The banner of GTRSB includes a broad range of people. Some have shared customs and histories, and all have unique experiences. Many people from Travelling communities do not live nomadic lifestyles and many people living nomadic lifestyles are not traditionally part of Travelling communities. Many people from GTRSB communities avoid self-identification in fear of negative media representation. Site-living is not for everyone – some people might prefer bricks and mortar, while others like to keep moving or to live-aboard. But some would benefit from an affordable pitch on campus, while others would appreciate the option.

Stopping Places have existed in Britain for hundreds of years. The reasons why many people don’t know this are complex, but one thing is clear – their environmental impact is minimal. There is an alternative to the grand architectural statements that have traditionally housed students on university campuses. The case for Campus Stopping Places does not claim quick-fix solutions to suit everyone’s needs – but it is a step in the right direction in the realisation of GTRSB educational rights.

6 responses to “Universities should offer campus stopping places

  1. Fascinating article on a less-than-visible issue. Are statistics available on the number of Travelling students that would want to make use of Campus Stopping Places? and on those who have compromised with bricks and mortar in order to study, and even those (harder to source) who have avoided HE because of the difficulties of accommodation?

    1. Thanks for the comment, Robert – some important questions. I am not aware of any statistics. Exploring this further through research, potentially with a pilot project, would be interesting.

  2. Fascinating, and hugely complex, Universities simply wanting ‘bums on seats’ and boxes ticked thinking this will be easy need not apply.

    Locally we have 3 ‘official’ traveller sites, and several dozen unofficial ones, each is ruled by a single family, even the official council sites, I can’t see any University provided site not ending up the same way. The ‘bricks and mortar’ Roma Gypsies I know would rather any youngster good enough to attend Uni wasn’t highlighted as ‘different’ as the hatred for them runs deep in other more recent migrant groups.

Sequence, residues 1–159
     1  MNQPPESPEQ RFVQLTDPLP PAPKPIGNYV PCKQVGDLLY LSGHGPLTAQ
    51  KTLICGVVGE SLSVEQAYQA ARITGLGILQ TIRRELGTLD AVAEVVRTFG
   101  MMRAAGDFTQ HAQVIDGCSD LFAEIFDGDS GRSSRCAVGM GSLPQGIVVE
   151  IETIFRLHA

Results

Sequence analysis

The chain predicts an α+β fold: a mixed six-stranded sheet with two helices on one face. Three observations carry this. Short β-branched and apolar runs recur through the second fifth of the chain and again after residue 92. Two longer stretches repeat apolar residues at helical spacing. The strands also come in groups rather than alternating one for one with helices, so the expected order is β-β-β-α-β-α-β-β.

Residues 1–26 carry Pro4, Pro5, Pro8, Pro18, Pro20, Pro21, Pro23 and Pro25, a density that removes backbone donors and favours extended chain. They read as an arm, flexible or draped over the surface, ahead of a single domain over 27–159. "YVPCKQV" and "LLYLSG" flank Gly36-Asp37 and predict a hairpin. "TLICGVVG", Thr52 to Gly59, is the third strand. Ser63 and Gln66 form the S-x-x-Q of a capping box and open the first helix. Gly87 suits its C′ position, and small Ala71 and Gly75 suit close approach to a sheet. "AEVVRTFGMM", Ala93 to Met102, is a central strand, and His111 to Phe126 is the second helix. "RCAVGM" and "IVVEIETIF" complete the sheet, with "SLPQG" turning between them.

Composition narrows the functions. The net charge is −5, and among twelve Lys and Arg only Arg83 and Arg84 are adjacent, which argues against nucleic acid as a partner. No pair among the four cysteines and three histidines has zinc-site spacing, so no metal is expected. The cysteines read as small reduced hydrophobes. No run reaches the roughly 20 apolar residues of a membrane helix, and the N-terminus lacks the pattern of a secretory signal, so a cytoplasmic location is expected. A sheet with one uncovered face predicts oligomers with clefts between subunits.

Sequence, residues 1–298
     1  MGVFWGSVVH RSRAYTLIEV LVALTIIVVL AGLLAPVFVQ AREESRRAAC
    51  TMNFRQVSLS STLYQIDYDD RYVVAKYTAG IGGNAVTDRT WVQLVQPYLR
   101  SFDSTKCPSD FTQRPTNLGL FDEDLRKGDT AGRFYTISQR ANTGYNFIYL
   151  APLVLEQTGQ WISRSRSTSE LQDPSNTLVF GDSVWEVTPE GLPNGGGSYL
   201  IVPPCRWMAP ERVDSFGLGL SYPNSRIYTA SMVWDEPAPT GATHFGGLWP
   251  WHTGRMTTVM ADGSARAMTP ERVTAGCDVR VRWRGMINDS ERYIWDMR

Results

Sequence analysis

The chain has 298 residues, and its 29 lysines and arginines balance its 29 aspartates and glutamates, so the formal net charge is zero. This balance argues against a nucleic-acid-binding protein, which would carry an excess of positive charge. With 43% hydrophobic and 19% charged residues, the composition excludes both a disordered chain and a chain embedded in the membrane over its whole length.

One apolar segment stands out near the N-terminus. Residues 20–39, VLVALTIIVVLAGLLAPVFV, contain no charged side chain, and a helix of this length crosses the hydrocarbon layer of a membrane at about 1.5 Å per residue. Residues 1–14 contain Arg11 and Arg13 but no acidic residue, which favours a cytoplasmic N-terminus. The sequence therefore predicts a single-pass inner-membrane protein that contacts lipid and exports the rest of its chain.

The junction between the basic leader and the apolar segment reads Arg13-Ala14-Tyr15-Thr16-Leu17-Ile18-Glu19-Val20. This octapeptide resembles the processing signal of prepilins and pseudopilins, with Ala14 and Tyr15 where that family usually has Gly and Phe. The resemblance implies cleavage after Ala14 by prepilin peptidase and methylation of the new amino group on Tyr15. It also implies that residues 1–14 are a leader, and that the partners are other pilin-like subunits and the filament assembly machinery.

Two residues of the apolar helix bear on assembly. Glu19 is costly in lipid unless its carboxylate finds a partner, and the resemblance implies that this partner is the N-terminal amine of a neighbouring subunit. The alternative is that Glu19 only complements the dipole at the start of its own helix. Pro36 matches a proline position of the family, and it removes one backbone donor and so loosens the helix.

1. Thanks for the comment, John – having the option to choose an alternative form of accommodation should be open to all students. The idea is that pitches are available for university students only (and registered family members), and that the accommodation is managed by estates teams in much the same way as existing student housing.

  3. This article does not appear to address or understand the culture and the people within those communities. There are many barriers that need to be overcome that would put students is those communities in a place that would ready them for further or higher education. That is if they want to advance to FE/HE, which this article assumes that they do. A lack of on site facilities may be a barrier, but to think those facilities would scratch the surface in addressing access and participation within those communities, ignores the real and deep seated issues that exist.

    1. Thanks for the comment, Russell – some important points. The idea is conceptualised in response to sector-wide ambitions to widen participation for students coming from ‘disadvantaged’ backgrounds, for which the OfS includes people from Gypsy, Roma, and Traveller backgrounds (which also includes Showmen, Boater, and New Travellers).

      The GTRSB banner is broad and incorporates many different people and cultures, although, as you rightly mention, there are shared barriers and deep seated issues. The article has tried to highlight some of these, such as laws which criminalise nomadic lifestyles, bureaucratic processes that undermine peoples attempts to live peacefully, and media representations which shape perceptions about people from GTRSB communities.

      The shortage of official sites beyond universities is a real and deep seated issue. The article is suggesting that the types of student accommodation generally offered helps to set a narrative about who universities are for. Universities could play an important role in helping to address some of these wider societal issues by leading by example.